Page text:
From this weakness and pride of theirs, they are sometimes prone of themselves to follow the advice of weak counsellors rather than of such as are able and sufficient, partly from jealousy of the latter, partly from an ambition of being thought to do notable things without them, and of reaping all the praise themselves, at least of seeing it reaped by such whose moderate ability and character gives them no umbrage. Hence the signal miscarriages of Princes who have wise Ministers but neglect their wise advice. Nero was assisted, or might have been, by the counsels of Seneca and Burrus, and it was no fault of theirs that he proved a detestable Tyrant.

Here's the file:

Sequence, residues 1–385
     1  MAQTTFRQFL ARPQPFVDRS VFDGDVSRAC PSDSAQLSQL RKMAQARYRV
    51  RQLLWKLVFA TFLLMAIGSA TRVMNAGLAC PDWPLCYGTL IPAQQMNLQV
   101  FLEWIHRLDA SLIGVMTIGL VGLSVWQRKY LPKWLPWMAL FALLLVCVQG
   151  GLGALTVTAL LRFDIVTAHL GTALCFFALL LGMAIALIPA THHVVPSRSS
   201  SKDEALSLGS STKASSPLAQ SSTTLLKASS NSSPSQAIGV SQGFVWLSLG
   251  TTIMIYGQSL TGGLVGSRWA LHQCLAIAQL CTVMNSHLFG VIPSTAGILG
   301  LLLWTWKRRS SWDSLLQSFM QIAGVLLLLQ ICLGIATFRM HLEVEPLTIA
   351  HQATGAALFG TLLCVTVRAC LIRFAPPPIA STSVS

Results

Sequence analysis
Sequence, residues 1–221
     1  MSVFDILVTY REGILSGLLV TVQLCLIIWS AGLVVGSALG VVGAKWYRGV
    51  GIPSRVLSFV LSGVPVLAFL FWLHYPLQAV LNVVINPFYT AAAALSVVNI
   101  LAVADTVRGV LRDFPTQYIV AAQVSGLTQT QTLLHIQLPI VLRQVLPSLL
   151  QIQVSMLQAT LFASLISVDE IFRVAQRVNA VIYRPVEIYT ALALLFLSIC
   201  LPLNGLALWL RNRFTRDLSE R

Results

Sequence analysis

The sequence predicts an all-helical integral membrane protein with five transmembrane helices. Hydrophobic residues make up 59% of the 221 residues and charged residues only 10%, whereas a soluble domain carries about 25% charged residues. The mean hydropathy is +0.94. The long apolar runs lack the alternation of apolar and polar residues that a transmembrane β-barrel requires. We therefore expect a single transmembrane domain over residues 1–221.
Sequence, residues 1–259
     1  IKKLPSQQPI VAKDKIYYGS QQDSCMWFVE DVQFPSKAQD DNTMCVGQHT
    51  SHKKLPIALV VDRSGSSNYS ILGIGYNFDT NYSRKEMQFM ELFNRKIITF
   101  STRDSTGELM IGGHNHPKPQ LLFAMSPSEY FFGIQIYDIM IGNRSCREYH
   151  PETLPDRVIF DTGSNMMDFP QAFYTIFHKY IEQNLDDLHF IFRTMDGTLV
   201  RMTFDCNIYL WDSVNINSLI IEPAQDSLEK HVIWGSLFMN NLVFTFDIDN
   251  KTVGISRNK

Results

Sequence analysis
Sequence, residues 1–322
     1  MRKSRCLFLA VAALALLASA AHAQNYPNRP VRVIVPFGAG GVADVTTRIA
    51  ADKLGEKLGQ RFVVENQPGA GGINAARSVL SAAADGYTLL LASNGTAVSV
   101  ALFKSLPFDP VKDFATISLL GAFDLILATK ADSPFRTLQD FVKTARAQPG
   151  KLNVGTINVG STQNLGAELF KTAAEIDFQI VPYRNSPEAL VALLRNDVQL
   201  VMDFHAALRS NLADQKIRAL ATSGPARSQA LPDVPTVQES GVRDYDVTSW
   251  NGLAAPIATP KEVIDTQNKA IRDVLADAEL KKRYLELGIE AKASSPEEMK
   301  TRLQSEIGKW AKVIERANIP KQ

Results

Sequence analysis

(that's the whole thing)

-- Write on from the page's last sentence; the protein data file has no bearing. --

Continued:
What advice he took, was that of Sycophants, Debauchees, Pandars, of the worst and off-cast of humankind. These told him what an accomplished Prince he was, what ripeness of judgment he had, what maturity of years; and being no longer a child, it was high time for him to shake off his Tutor. For towards Seneca they bore notable rancour and antipathy, as was natural to such profligates who then swarmed at Court; and whilst he was there, he still proved some check to the brutal spirit of Nero; a thing which pleased not the Courtiers, nor Nero himself: For with such Princes flattery in their servants is more palatable and prevailing than virtue and ability.
IN like manner was Otho hurried through evil counsel and conduct into evil fortune, though served by such Leaders as Paulinus and Celsus. Such is the risque which an able and worthy man incurs by serving a weak Prince, even to have his good counsels rejected, and to bear the blame and discredit of evil counsels which he had disapproved.